Monday, December 12, 2005
Via our distinguished colleague Susie Madrak of Suburban Guerrilla: Republicans are busy cutting Medicaid benefits, heating-oil prices are at a five-week high, and America's elderly, many of whom are on fixed incomes, are hard-pressed to make ends meet. Given the circumstances, is it any wonder law-enforcement officials find themselves overwhelmed by the sudden emergence of a startling new phenomenon unique in the annals of American crime -- the geriatric drug dealer?
Dottie Neeley, 87, was fingerprinted, photographed and thrown in jail, imprisoned as much by the tubing from her oxygen tank as by the concrete and steel around her.The nice thing about octogenarian drug dealers: when you kick the door down and yell "FREEZE," they're highly unlikely to dive out the bathroom window and vault over the neighbor's fence. And, since they usually drive at a maximum of 15 MPH, the car chases tend to be mercifully short.
The woman -- who spent two days in jail after her arrest last December -- is among a growing number of Kentucky senior citizens charged in a crackdown on a crime authorities say is rampant in Appalachia: Elderly people are reselling their painkillers and other medications to addicts.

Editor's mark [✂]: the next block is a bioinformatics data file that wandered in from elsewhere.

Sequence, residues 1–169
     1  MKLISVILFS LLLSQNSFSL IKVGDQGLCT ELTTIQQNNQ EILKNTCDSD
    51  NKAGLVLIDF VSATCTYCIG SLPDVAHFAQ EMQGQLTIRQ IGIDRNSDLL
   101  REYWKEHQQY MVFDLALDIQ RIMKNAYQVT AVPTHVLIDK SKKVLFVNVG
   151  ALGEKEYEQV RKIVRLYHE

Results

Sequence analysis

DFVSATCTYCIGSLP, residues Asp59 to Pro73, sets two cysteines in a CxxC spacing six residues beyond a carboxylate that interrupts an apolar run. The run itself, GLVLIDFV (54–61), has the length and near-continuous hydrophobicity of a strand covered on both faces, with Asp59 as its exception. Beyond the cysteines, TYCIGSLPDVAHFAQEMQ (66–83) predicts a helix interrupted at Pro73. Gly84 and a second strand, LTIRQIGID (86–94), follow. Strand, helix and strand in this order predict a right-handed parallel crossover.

"When a person is on Social Security, drawing $500 a month, and they can sell their pain pills for $10 apiece, they'll take half of them for themselves and sell the other half to pay their electric bills or buy groceries," Floyd County jailer Roger Webb said.
Since April 2004, Operation UNITE, a Kentucky anti-drug task force created largely in response to rampant abuse of the powerful and sometimes lethal painkiller OxyContin, has charged more than 40 people 60 or older with selling primarily prescription drugs in the mountains.